Most Batman fans learned to love the Caped Crusader in childhood, and occasionally—or in some cases, fervently—continue in adulthood to check in on his exploits in comics and in films. Whether a colorful, uncomplicated do-gooder or the Dark Knight now in vogue, Batman has entranced children with his self-made excellence and strange imagery. But what deeper currents exert a pull on Batman fans of all ages? Children respond to the primal power of the Batman mythology (if we can call it that—it certainly has the power of myth), but do not question its meaning. The adult Batman reader/viewer may begin to sort through some questions as disturbing as they are intriguing. Why do I like Batman? Can his brand of vigilante justice be at all defensible in a real-world context? Is Batman crazy? What does Robin really mean to him? And what must it have been like when Alfred gave young master Bruce "the Talk"?
All of these questions are addressed in Batman Unauthorized: Vigilantes, Jokers, and Heroes in Gotham City, a brilliant new book of critical essays on Batman in print and on screen. And if the reader engages in the dialogue the book initiates, the reader will also emerge with some fresh answers. The conversation is hosted by editor Denny O'Neil (a legendary Batman writer), who provides a succinct introduction to the book and avuncular thoughts preceding each essay. In this way, we're privy to O'Neil's own dialogue with each author's contribution, and welcomed to tussle for ourselves over the points raised therein.
Part of Benbella Press' SmartPop series, Batman Unauthorized comprises eighteen essays that run the gamut of Bat-topics. One category of essays meticulously (if ironically) considers the Batman story in real-world terms. "The Cost of Being Batman," by Darren Hudson Hick, considers, in 21st century American dollars, the monetary sum required to be the Batman, including the costume, education, fully outfitted Batcave, and all the gadgets and vehicles. Paul Lytle's "The Madness of Arkham Asylum," with tongue firmly in cheek, considers the institution as perhaps the worst mental health facility of all time (while also considering its meaning within the overall Batman narrative). "What's Wrong With Bruce Wayne" finds clinical psychologist Robin S. Rosenberg examining and diagnosing Bruce Wayne using the DSM-IV.
Another category of essays supplies critical reviews of the treatment of the character in comics and movies. In "Keeping It Real in Gotham," Robert Brian Taylor wags a finger at Batman writers who force the character into outlandish situations and confrontations with supernatural enemies (hailing the approach of Christopher Nolan's corrective Batman Begins). In "Frank Miller's New Batman and the Grotesque," writer Geoff Klock defends Frank Miller's much-maligned later Batman work as an extension of Miller's restless deconstructivist spirit (later in the book, John C. Wright savages Miller over his fascist take on Batman). Chris Roberson's "Why Doesn't Batman Retire Already?" straddles the real-world category, trying to make sense of how Robins age and Batman doesn't, while encouraging DC Comics to adopt a more sensible approach to the timeline. And Mike W. Barr's "Batman in Outer Space" represents for the science-fiction adventures of the Dynamic Duo from the '40s and '50s, arguing that they required noteworthy character definition to offset the far-flung plots.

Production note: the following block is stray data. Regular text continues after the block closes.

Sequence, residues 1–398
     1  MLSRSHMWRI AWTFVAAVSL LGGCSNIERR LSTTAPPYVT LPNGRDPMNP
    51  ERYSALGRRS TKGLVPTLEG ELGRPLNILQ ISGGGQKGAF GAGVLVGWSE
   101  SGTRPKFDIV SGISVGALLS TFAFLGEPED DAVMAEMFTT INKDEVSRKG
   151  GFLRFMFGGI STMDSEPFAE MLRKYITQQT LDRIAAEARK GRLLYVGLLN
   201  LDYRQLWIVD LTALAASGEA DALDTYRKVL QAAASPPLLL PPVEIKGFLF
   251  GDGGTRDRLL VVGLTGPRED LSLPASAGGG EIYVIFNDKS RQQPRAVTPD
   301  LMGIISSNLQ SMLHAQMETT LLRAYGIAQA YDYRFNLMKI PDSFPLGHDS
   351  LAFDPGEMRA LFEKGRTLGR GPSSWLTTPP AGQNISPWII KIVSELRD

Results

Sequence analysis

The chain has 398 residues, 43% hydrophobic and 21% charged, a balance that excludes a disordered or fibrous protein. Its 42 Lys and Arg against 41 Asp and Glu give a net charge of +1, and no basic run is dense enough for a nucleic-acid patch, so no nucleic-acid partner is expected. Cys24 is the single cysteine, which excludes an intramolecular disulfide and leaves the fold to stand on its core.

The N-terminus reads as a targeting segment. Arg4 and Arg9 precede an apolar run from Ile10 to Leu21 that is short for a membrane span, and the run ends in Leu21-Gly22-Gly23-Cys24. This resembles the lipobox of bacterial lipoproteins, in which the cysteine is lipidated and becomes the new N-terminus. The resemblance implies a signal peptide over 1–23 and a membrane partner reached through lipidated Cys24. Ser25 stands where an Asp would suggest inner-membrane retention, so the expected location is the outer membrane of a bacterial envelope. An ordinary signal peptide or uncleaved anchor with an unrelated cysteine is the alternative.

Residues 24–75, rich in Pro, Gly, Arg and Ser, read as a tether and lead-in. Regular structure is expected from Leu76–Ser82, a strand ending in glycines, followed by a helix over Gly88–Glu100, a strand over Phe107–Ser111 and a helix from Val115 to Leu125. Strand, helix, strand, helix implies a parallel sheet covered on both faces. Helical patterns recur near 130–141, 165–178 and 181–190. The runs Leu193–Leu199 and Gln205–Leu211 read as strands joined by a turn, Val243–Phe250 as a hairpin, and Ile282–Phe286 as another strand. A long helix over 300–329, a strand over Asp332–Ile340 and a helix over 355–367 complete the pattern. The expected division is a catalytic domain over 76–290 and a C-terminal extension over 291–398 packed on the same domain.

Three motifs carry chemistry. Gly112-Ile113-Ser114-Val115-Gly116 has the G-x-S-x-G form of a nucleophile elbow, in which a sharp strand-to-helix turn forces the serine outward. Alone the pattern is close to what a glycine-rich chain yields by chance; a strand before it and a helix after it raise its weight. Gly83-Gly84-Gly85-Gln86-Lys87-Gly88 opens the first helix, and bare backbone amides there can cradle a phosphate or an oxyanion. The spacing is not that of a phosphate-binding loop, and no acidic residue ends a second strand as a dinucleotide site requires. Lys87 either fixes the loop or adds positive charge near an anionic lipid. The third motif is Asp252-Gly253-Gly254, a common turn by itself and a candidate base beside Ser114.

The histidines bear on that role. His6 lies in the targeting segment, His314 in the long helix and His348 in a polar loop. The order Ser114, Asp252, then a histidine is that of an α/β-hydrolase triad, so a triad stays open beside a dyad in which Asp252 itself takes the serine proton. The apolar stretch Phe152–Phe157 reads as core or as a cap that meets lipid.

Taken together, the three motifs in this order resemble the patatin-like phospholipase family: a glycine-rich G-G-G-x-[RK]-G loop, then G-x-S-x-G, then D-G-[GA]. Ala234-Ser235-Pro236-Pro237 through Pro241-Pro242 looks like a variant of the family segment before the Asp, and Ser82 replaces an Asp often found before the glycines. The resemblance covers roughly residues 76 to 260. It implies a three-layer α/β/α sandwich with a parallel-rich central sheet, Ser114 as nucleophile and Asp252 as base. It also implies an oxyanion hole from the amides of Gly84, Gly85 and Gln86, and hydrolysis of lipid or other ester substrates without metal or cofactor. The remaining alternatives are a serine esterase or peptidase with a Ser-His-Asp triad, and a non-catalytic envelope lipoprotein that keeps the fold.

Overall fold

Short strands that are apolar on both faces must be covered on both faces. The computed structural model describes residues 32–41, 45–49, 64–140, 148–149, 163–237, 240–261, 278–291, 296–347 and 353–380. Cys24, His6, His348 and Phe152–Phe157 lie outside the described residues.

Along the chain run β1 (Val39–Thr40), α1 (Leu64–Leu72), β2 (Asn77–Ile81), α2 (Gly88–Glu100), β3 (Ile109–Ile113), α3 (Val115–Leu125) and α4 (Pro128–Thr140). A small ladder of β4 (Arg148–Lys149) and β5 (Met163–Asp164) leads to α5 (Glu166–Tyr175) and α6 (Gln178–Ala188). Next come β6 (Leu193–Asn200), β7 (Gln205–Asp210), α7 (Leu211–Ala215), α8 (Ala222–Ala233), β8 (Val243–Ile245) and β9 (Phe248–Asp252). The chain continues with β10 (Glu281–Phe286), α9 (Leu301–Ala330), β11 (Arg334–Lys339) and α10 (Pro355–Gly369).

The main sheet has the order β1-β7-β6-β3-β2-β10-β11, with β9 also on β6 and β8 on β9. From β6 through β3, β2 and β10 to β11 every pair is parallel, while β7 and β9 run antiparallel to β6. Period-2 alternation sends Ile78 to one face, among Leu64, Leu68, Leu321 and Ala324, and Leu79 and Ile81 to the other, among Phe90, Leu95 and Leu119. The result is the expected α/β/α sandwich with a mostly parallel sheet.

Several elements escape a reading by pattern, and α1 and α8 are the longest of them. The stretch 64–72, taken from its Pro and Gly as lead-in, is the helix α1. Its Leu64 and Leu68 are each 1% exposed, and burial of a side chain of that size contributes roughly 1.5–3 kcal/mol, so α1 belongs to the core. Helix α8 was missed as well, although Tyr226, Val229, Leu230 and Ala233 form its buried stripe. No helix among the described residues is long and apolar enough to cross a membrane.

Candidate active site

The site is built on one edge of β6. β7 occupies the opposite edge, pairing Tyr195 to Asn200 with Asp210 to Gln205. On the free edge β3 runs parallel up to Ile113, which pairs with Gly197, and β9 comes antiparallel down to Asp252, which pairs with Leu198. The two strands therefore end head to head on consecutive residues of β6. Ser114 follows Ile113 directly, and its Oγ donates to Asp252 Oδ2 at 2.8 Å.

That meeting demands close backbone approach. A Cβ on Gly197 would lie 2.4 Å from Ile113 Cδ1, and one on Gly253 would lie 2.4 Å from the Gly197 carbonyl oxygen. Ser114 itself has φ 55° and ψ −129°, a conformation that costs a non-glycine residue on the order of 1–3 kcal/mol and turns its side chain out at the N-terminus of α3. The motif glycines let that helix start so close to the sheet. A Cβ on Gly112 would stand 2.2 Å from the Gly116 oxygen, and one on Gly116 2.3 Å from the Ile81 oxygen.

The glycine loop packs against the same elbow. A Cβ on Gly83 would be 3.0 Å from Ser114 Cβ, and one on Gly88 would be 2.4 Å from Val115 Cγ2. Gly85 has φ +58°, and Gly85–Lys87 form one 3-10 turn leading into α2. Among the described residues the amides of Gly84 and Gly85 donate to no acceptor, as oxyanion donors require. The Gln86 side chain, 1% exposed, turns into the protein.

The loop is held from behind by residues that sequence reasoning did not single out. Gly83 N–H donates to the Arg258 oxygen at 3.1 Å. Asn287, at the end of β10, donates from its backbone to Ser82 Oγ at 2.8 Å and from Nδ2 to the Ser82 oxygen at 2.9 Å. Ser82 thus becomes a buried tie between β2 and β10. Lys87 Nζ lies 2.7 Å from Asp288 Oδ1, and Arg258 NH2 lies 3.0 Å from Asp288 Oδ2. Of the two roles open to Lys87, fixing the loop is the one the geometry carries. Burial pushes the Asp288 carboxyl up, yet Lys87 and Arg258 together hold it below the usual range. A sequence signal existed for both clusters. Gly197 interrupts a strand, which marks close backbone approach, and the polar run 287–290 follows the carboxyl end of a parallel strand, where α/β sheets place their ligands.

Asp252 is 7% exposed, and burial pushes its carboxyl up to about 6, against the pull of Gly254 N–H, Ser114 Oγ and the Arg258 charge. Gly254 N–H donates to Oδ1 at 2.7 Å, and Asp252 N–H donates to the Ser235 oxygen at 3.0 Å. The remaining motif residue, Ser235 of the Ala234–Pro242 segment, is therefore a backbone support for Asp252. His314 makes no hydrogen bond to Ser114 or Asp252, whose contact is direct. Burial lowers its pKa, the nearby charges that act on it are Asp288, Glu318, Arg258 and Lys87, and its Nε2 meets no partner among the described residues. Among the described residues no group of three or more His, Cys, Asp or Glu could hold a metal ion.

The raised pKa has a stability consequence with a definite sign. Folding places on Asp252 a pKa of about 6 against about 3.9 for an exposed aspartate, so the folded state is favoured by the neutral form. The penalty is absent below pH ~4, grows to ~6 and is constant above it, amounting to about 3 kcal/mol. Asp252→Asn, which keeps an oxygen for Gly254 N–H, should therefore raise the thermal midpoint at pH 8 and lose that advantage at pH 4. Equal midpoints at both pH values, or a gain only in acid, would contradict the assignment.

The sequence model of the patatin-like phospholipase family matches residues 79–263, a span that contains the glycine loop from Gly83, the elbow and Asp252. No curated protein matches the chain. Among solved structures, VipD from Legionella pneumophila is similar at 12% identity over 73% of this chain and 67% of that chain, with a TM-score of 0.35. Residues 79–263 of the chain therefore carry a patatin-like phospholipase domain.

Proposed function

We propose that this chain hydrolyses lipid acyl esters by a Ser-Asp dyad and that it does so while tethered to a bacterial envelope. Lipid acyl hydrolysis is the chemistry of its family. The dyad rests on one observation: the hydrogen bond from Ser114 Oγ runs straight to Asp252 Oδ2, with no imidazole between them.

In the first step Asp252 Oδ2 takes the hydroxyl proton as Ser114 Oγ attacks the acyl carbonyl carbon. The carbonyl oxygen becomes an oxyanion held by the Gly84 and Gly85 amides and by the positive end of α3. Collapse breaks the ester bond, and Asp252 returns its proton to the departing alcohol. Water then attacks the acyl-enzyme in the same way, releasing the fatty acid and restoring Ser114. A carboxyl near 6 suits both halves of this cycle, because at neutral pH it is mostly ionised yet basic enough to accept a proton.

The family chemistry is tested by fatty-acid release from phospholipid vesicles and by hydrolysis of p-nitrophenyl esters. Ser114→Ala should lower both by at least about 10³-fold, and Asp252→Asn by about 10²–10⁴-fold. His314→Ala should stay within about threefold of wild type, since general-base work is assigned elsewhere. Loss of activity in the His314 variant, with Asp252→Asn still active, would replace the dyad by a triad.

In addition to numerous psychological takes on Bruce Wayne/Batman, the book focuses in on other key characters in the Batman universe: the Joker ("Two of a Kind"), Ra's Al-Ghul ("Ra's Al-Ghul: Father Figure or Terrorist?"), the three most well-known Robins ("Robin: Innocent Bystander"), and Thomas and Martha Wayne ("Gotham's First Family"). Each is supremely insightful on the elemental, unchanging significance of the character as a foil to Batman and a literary archetype, but also usefully revisits and unpacks the meanings of very different versions of the characters over the years. Wright's "Heroes of Darkness and Light" contrasts Superman and Batman, explaining why women invariably prefer the Dark Knight to the Man of Steel (for more on Supes, read Benbella's similar volume The Man of Krypton).
And there's more: "The Dubious Origins of the Batman" roots around in the controversies over the co-creation of Batman by Bob Kane and a largely uncredited Bill Finger. Daniel M. Kimmel's "The Batman We Deserve" examines the changing face of Batman in the movies, corresponding to an evolving masculine ideal.
Unsettling: "To the Batpole!", Alex Bledsoe's three parodies examining how the Alfred of the 1966 series, 1990s movies, and current movies would teach Bruce the birds and the bees. Even more unsettling: In "Batman in the Real World," Kristine Kathryn Rusch unsettlingly poses political parallels between Batman and America at its worst, including the Bush Administration (difference? Batman's always right...whew!). And most unsettling: Nick Mamatas suggests, in "Holy Signifier, Batman!" that Batman means nothing at all, or nothing more than a commercial brand, a commodity.
Mamatas' essay, while intellectually fascinating, seems more and more of an exercise the further one gets into the book. Those who hated English class would be sympathetic to Mamatas' conclusion that a multiplicity of conflicted meanings adds up to a singular nothing, a theory that proposes the rest of the book is just so much pretentious wanking. But as a whole, the book suggests that once the chaff of Batman stories is swept aside, golden grains remain, sufficient to explain—beyond the appeal of action-packed heroics—why the legends of the Dark Knight been so hugely popular for so long. Batman Unauthorized is essential reading on the modern myth of Batman, its meaning, and its enduring hold on the American imagination.